LogMeIn retires cloud storage service Cubby

Martin Brinkmann
Oct 18, 2016
Updated • May 22, 2018

LogMeIn announced today that it will retire the cloud storage service Cubby starting November 16, 2016 for free users of the service.

Cubby was introduced to the cloud storage scene back in 2012 introducing then unique features such as direct syncing of data between devices bypassing the cloud.

The second feature that set Cubby apart from most solutions was that it allowed users to select folders from any location on the system for synchronization.

The service introduced new interesting features later that year. This included options to turn off cloud sharing to use Cubby only for local data sharing. Another new feature was Cubby Locks. It enabled you to encrypt files using the account password.

LogMeIn introduced Cubby Pro accounts back at the end of the year 2012 which made features such as DirectSync or Cubby Locks Pro exclusive.

Cubby retirement

Emails sent out to Cubby customers inform them that Cubby is being shut down.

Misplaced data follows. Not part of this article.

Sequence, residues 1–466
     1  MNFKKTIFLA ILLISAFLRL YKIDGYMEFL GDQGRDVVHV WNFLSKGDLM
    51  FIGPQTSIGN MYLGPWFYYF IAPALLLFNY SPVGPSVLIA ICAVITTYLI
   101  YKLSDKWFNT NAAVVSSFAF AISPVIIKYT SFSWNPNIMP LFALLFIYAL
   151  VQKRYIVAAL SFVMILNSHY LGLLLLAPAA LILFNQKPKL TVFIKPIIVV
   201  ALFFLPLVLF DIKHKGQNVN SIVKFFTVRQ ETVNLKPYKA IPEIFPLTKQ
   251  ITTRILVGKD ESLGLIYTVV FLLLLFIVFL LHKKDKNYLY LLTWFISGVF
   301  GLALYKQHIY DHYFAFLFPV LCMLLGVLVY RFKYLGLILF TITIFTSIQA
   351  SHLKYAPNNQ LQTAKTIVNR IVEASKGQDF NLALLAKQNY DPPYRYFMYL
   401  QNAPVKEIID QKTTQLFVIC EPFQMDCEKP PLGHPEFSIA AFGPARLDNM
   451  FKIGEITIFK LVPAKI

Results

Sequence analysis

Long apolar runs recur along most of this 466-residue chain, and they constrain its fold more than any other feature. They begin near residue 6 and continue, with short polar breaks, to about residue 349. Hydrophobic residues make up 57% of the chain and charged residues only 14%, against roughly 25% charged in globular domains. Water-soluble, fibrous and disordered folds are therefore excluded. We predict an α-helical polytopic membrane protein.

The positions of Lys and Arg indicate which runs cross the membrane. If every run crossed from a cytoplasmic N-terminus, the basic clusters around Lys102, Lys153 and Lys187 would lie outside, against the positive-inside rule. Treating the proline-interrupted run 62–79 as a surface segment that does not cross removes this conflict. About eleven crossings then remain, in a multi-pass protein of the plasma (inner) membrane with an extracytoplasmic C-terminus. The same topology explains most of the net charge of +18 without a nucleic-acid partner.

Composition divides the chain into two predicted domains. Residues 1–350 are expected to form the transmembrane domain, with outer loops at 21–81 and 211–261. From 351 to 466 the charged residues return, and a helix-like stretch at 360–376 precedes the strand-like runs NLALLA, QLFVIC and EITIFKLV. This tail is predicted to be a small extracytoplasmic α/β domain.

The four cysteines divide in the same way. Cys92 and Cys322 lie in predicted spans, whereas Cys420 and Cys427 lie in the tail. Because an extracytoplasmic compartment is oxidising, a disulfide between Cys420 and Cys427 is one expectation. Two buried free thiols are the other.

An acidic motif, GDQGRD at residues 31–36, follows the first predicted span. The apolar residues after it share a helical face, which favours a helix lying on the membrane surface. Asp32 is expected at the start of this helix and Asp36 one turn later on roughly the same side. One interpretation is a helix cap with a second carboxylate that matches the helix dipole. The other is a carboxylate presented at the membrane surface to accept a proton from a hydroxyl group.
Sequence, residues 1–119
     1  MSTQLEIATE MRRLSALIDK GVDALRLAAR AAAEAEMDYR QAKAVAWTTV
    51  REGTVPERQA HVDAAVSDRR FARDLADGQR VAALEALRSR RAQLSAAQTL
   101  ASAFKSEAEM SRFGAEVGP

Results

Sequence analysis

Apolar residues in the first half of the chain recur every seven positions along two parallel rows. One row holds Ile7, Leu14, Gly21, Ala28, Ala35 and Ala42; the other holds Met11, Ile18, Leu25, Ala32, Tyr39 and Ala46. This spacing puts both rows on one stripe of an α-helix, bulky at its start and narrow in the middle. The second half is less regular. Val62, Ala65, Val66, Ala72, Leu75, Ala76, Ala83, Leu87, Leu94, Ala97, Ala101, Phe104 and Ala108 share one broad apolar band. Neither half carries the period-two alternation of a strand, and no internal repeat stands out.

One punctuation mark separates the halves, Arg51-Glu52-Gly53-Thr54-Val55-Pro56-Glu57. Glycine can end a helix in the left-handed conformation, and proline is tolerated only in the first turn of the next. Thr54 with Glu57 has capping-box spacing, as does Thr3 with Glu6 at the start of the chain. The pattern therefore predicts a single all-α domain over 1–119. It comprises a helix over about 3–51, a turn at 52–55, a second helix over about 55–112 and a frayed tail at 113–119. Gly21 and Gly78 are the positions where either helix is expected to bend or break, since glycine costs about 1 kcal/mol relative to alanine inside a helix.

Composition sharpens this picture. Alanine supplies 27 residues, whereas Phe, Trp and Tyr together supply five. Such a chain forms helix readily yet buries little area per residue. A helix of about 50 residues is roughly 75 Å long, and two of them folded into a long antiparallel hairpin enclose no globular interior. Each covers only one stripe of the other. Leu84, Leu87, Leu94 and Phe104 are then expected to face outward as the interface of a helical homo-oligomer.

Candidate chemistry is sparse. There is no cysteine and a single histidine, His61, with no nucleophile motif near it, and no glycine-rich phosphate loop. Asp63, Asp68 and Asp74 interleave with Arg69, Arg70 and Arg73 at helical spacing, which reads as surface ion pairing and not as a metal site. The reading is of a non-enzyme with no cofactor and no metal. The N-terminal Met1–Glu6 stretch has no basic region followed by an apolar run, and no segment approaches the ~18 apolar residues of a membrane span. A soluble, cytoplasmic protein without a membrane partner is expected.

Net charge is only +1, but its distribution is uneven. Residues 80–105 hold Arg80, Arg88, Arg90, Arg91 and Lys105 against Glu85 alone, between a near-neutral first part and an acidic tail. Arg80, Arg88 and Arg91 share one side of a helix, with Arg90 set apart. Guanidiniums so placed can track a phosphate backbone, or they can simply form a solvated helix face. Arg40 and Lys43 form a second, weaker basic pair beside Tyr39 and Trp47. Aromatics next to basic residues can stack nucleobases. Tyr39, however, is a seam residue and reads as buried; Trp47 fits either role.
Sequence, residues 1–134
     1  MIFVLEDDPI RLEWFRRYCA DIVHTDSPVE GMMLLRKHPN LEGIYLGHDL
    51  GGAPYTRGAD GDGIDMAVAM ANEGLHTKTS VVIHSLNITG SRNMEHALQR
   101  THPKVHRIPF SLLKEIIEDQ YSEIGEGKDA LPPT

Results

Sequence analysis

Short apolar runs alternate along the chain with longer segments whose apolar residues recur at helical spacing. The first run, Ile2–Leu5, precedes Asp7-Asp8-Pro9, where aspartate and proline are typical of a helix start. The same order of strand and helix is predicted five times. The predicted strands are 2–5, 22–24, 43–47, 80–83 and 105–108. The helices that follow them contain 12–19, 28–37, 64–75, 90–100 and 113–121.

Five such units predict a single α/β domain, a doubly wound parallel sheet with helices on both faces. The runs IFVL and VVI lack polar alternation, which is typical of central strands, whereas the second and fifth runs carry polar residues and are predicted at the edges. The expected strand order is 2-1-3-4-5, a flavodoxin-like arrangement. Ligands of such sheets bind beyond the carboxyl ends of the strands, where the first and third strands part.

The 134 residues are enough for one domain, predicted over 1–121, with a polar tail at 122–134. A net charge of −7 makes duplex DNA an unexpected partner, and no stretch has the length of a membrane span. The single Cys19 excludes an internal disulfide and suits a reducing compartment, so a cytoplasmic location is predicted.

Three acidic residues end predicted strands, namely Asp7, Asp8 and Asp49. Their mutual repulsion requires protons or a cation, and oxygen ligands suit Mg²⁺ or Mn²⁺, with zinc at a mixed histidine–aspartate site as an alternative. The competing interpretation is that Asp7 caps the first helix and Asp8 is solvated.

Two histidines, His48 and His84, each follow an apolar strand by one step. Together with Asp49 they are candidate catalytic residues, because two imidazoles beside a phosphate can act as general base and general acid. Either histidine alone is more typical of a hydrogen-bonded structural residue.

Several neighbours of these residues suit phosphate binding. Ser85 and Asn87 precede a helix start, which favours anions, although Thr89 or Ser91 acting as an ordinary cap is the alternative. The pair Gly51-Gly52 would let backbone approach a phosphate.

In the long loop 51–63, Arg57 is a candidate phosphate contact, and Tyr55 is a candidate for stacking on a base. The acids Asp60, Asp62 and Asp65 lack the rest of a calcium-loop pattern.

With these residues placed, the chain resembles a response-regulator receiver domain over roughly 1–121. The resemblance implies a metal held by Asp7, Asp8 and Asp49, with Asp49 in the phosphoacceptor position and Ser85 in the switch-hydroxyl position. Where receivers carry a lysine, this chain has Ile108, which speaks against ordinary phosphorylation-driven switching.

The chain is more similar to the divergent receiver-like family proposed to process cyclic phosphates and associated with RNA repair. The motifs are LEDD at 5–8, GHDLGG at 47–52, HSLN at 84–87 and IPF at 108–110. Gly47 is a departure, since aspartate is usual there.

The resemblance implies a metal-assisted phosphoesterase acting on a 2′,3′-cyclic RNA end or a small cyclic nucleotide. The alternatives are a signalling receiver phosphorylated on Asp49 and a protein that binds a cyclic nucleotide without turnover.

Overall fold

Today, LogMeIn is announcing plans to retire Cubby from its current line of products. We understand this may present challenges for you, but you don’t have to go just yet – your Cubby account will remain active until November 16, 2016, but after this date your account will expire.

The expiration date depends on the account type. Free accounts expire on November 16, 2016 for instance, while Pro and Enterprise accounts will remain active for the length of the subscription period plus 30 days.
LogMeIn created a video that demonstrates how to move files from Cubby to Dropbox.

The company operates LogMeIn Pro which offers 1 TB of cloud storage and more, and recommends it as an alternative especially to Cubby Pro and Enterprise customers.

LogMeIn Pro has a plan for individuals, but it comes at a price of €149 per year which is quite expensive if file storage is all that is required. It does add remote access functionality and a LastPass Premium license to it on top of that.

The company has created a FAQ for Pro and Enterprise customers that answers several pressing questions including how to migrate files to third-party services or LogMeIn Pro, or how LogMeIn Pro differs from Cubby in functionality.

LogMeIn Pro includes 1TB of file storage for all users, regardless of which Pro subscription package you choose. With Pro, you can also share files and folders with an unlimited number of users.

LogMeIn Pro includes user level access controls to share files and folders only with specific users, however Pro does not include offline syncing.